The news that BGL Group is looking at the possibility of an IPO should not come as a surprise.
As long as I have been at Post it seems to have been linked with a trade sale, float or merger.
The only surprise might be that it has taken so long to get here.
In 2007 - at time when Aviva was hotly linked with the insurer - then then chief executive - now executive chairman - Peter Winslow told Post: "Any fast-growing company with a good reputation will of course attract interest, and we are no exception.
"It's flattering. But I believe being privately owned gives us our unique culture; fast paced and innovative, which comes from being an agile business. While I will never say never, I don't see us selling or floating the group."
Whilst three years later his line was that the company was "cash generative" and not looking to make transformational changes: "We intend to grow without going down those routes. One major issue with initial public offerings or private investment is funding - it isn't of interest to us," he added.
So what has changed and what will determine whether the firm decides to float or not?
1) The diversity story and following a well-worn path
Already the diversity of BGL has been mentioned as a potential key factor in its success or otherwise as a listed company.
As well as the broking and aggregator business (Compare the Market), BGL owns a law firm - Minster Law, a life insurance provider - Beagle Street and an affinity specialist in Junction.
Indeed the only thing that BGL does not seem to do is underwrite any insurance, having dumped its underwriting business Budget Insurance Company decades ago.
Looking at the other listed personal lines specialists such as Admiral, Direct Line and Hastings, it is evident that BGL shares a lot in common with them in that it is multi-brand, has a mixed portfolio and - in the case of Admiral and Direct Line - found that expanding overseas can be difficult and timely.
Any prospective shareholders will no doubt like the breadth of the business and the fact it does not carry risk might be seen as a positive too.
2) It has got its house in order
This time last year BGL sold the motorcycle business Bennetts to Saga in a £26m Cash deal.
And in December it announced plans to dispose of its Dutch comparison site Hoyhoy, whilst reaffirming its commitment to its French business Les Furets.
These now look like measured moves to make sure BGL was focused on a core set of businesses with which to sell itself to potential shareholders.
Last year BGL Group opened a new office in London in the form of its Shoreditch digital, data, technology and media hub.
This was seen as a very deliberate move by the business to give it a decent sized footing in the heart of the fintech world in London. In hindsight it could also prove handy now for those investor briefings.
BGL has always - as Winslow pointed out above - prided itself on being fleet of foot and at the forefont of insurance innovation from aggregation to ABSs; having this new hub should help it retain that position by being able to attract talent who otherwise might not have considered Peterborough a natural landing spot.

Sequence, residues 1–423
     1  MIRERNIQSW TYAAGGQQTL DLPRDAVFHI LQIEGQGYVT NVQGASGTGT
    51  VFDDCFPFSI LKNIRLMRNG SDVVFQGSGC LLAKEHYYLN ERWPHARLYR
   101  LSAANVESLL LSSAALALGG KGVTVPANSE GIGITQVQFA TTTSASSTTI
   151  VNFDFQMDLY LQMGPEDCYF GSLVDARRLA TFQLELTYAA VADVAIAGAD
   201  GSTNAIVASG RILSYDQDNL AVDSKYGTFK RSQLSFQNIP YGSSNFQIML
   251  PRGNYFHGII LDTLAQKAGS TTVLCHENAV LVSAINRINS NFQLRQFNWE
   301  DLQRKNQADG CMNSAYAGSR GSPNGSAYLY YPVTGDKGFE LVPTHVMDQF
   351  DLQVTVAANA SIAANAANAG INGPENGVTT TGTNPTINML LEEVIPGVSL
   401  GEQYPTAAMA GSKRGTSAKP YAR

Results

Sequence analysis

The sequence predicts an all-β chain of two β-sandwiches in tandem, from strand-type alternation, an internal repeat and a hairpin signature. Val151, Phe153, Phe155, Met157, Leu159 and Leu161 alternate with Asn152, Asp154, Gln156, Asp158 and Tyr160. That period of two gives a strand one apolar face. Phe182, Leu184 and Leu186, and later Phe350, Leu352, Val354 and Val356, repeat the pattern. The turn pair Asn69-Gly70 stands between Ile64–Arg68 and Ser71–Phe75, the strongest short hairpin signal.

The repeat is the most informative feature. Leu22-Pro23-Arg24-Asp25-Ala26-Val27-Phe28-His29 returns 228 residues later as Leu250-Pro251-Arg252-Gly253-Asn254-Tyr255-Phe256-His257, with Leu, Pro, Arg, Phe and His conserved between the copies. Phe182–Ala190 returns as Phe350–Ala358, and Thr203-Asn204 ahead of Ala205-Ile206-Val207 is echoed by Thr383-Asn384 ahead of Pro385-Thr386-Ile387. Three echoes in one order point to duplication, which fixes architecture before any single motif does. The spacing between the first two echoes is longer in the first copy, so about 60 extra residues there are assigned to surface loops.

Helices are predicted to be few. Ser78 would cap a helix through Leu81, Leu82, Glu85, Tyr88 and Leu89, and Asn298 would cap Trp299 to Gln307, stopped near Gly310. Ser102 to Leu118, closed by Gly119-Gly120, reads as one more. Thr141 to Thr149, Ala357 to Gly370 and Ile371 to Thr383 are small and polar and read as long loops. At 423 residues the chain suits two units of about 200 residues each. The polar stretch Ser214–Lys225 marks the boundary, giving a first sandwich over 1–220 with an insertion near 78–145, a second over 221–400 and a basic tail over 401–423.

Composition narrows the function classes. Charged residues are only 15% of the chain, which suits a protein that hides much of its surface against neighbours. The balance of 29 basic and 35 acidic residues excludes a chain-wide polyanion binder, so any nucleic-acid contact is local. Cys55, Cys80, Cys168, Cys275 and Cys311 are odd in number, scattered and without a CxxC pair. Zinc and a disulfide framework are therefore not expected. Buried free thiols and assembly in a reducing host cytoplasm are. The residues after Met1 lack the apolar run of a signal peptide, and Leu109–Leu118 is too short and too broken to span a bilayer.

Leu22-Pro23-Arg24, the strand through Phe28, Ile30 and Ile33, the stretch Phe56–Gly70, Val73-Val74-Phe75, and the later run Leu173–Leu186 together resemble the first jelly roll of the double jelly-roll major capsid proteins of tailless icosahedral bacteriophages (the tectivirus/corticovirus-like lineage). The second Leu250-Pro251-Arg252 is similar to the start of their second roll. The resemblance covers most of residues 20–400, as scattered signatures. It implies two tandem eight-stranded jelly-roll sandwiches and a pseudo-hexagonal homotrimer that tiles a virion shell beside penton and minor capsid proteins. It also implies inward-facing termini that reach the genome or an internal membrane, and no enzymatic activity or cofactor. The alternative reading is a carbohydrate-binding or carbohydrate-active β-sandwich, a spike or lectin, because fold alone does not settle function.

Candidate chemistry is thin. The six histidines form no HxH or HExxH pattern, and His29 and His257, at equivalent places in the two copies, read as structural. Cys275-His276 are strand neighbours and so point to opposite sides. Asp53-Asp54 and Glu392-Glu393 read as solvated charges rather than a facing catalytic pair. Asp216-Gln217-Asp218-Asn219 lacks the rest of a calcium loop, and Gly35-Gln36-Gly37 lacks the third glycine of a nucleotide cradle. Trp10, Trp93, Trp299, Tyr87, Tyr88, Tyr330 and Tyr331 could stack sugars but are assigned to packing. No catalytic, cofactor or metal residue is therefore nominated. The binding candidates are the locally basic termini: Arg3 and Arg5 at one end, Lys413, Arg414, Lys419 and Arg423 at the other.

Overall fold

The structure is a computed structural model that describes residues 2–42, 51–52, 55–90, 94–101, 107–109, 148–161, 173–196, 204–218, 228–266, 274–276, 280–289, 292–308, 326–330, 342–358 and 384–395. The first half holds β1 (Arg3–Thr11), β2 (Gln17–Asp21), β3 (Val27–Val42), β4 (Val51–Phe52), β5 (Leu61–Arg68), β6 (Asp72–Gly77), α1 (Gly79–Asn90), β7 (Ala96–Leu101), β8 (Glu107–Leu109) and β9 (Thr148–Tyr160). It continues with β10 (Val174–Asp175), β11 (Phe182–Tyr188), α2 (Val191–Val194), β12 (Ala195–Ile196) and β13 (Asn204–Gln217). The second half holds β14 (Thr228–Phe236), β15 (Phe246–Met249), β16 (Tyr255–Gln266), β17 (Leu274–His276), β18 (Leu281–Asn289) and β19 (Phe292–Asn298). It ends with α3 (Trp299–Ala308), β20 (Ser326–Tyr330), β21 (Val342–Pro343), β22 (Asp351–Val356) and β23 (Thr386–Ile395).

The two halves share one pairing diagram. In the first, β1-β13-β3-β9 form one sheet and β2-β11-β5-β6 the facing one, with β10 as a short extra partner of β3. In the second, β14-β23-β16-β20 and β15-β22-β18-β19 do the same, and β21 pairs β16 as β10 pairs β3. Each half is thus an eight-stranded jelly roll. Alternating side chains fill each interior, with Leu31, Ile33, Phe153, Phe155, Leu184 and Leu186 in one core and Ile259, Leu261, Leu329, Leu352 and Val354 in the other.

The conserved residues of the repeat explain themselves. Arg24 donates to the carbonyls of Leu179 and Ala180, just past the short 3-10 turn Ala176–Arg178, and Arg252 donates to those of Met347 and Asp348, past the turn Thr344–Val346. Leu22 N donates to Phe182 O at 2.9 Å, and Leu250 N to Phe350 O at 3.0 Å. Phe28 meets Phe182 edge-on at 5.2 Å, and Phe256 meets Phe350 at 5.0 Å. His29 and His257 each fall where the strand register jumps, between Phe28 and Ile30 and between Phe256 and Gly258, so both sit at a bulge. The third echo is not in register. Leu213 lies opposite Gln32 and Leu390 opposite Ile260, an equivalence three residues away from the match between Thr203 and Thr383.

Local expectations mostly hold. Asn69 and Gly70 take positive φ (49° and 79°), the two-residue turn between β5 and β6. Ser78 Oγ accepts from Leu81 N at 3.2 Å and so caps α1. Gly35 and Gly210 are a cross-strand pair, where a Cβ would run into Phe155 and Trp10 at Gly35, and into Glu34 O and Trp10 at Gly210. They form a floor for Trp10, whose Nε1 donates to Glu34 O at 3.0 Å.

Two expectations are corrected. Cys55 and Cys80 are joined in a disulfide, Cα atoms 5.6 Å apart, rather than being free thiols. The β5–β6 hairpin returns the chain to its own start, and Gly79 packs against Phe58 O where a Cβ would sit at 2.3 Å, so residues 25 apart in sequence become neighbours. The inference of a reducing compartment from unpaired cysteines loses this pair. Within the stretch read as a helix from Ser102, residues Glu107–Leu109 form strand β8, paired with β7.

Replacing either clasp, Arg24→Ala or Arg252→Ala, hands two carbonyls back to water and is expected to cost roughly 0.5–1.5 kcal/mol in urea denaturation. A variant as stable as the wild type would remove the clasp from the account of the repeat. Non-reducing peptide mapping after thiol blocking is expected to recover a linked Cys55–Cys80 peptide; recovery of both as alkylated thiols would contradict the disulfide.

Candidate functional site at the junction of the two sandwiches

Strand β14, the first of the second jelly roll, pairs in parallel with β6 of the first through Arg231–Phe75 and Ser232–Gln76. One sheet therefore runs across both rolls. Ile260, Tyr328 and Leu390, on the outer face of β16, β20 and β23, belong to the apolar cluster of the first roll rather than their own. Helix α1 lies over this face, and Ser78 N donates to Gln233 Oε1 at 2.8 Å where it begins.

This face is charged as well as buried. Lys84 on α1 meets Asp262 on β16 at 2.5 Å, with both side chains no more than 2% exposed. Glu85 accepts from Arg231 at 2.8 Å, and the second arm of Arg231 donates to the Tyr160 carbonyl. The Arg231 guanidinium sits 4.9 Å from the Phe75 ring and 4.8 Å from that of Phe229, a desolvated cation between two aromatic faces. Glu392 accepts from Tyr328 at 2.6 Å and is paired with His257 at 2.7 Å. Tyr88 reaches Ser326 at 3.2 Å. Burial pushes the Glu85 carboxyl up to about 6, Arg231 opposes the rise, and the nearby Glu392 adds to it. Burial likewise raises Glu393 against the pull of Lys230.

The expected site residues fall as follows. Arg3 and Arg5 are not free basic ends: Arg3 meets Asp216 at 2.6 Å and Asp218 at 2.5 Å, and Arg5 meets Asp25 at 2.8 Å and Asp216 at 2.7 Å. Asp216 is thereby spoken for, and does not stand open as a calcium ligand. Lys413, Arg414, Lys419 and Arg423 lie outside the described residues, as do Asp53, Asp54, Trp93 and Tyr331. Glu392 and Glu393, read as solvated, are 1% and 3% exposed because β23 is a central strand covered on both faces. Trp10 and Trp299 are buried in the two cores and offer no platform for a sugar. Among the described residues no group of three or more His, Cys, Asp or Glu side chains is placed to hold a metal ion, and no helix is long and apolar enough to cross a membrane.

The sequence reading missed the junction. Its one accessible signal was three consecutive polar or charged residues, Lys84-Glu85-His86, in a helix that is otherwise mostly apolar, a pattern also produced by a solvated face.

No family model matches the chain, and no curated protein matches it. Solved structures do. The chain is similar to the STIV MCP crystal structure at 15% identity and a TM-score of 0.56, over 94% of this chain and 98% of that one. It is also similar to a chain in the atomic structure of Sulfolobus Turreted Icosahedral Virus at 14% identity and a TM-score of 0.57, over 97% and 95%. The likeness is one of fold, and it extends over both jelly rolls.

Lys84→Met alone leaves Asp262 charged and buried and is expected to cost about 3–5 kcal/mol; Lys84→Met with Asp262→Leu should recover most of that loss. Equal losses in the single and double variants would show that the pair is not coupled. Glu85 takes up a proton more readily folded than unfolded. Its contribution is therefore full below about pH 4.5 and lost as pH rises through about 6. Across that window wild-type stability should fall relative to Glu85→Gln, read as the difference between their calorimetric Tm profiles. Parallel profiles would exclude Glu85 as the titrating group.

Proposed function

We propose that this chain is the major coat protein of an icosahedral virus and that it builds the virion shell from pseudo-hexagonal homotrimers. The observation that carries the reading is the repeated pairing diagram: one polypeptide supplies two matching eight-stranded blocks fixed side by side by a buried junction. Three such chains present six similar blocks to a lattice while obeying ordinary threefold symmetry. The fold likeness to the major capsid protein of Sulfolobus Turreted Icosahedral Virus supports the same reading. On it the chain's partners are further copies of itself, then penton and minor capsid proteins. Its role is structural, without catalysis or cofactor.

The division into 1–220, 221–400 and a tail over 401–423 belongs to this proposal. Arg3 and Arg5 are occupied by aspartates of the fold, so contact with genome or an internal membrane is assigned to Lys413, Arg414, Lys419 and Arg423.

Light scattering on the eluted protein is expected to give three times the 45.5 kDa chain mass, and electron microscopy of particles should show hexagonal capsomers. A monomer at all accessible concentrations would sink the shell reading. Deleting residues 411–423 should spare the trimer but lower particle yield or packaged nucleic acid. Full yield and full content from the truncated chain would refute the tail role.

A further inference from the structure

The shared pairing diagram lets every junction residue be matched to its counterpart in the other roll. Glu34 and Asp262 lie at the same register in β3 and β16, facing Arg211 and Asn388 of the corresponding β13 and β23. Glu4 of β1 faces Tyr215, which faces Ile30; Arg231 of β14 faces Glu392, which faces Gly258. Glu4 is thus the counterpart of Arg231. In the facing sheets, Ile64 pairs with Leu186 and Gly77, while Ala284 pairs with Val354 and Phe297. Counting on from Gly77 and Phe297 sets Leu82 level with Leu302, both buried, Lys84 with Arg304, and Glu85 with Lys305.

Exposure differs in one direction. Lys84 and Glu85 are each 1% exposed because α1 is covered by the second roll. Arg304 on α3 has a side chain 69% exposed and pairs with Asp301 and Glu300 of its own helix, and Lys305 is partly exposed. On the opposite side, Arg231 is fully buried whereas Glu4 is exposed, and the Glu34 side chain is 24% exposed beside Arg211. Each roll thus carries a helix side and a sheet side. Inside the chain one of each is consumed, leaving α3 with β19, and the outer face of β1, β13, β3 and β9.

The business now has to weigh up whether the benefits of an IPO in terms of generating cash for digital projects, outweigh any detriments in turns of if it will lose its independent spirit and speed in getting things to market.
4) The Timing
In January last year the CEO of BGL Matthew Donaldson was pleased as punch with what were record profits and revenues of £94m and £507m, up 6% and 13% respectively for the 12 months to 30 June 2014.
It will be interesting to see what the 2015 figures will be, but there has already been comments that BGL has decided to IPO now, before the sector sees the impact of the Government's plan to crack down on soft tissue claims, which could harm both the revenues for Minster Law, and the core motor business, as rates are expected to soften as a consequence.
There is also some scepticism as to the long term growth for aggregation with the likes of Moneysupermarket and Confused having tougher times of late in what is a very competitive space.
I am sure BGL is ready for these comments - and as pointed out above - will want to highlight its record in reinventing itself, diversity and investment in digital as plus points in determining its future value.
5) There is still money in personal line
Already today a value of £1bn has been placed on BGL by an analyst.
With that in mind it will be worth watching to see how much of those shares fall into the ownership of the firm's staff should the IPO go ahead.
And then all eyes will be on the Sunday Times Rich List given the business' founder Douw Steyn was ranked the richest individual in the world of insurance after accumulating a fortune of £700m.
More than Esure and Direct Line founder Peter Wood, (£577m), Admiral founder Henry Engelhardt, (£575m) and Hastings chairman Neil Utley (£300m) - all of whom have floated businesses that BGL will no doubt be measured against over the coming weeks and months before a decision is made to IPO, or not.
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